Small businesses should always be prepared for the possibility that a crisis could affect their company, a local expert says.
“Anything can happen at any moment,” says Dianne Chase, senior partner with C4CS, LLC, which specializes in strategic communication and crisis management. “You have to be prepared because it’s not a matter of if – it’s when.”
Knowing what to say – and how to handle the crisis well – can actually benefit a company’s reputation.
Chase urges her clients to prepare for a crisis so when one happens they will know what to do, which will allow them to retain their reputation and customers’ loyalty.
Here are Chase’s suggestions for how companies can manage media crises:
• Imagine the three worst crises the business could face and think through some hypothetical responses.
“We all know that the worst possible thing is not to respond,” Chase said. “Never say, ‘no comment,’ or ignore a negative situation.”
Speaking off the cuff can lead to disaster, so Chase recommends business owners rehearse what they might say in certain situations.
Business owners almost always can say what they know about a situation, and it’s usually safe also to state how they feel about it. That will help them speak to a situation on a more human level.
“You are connecting as one human being to another instead of as a faceless business,” Chase said.
• Craft an appropriate message: Remember when BP CEO Tony Hayward said “I’d like my life back?” at a news conference after the devastating 2010 Deepwater Horizon oil spill in the Gulf of Mexico?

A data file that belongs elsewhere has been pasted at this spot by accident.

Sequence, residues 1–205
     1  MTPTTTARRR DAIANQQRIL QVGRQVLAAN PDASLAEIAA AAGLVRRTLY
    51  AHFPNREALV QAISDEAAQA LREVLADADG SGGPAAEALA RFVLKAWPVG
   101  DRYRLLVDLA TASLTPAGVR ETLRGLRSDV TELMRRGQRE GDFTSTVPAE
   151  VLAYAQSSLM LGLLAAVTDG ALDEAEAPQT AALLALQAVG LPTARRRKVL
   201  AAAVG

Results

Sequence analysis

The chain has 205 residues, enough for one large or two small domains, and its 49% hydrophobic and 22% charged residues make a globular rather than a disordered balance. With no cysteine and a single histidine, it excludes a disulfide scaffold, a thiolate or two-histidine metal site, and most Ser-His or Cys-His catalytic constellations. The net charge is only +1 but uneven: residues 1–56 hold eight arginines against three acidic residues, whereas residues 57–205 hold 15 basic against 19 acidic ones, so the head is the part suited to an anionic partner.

In times of crisis, it’s important to consider the impact of your words before you speak publicly.
“A lot of times (business owners) just don’t have the communication skills needed because they haven’t thought about how to respond and they haven’t practiced,” Chase said. “You have to feel in control of that message when something happens.”
A professional reputation management firm can help create a message, which should promote the business’s mission and positive values and offer a compassionate and knowledgeable response to the crisis.
Also consider your audiences, which could include customers, family and friends, stockholders and business associates.
“Those messages have to be crafted for all of those audiences,” Chase said.
• Communicate often and tell the truth: In the Internet age, the truth can quickly be ferreted out and published.
“You have to be quick and have candor in your response,” Chase said.
Be prepared to provide timely communication and updates about the situation, all the while being transparent and open about what is happening.
“If you think of it as a circle, really it’s very much living in the crisis, living into the crisis and living through the crisis,” Chase said.
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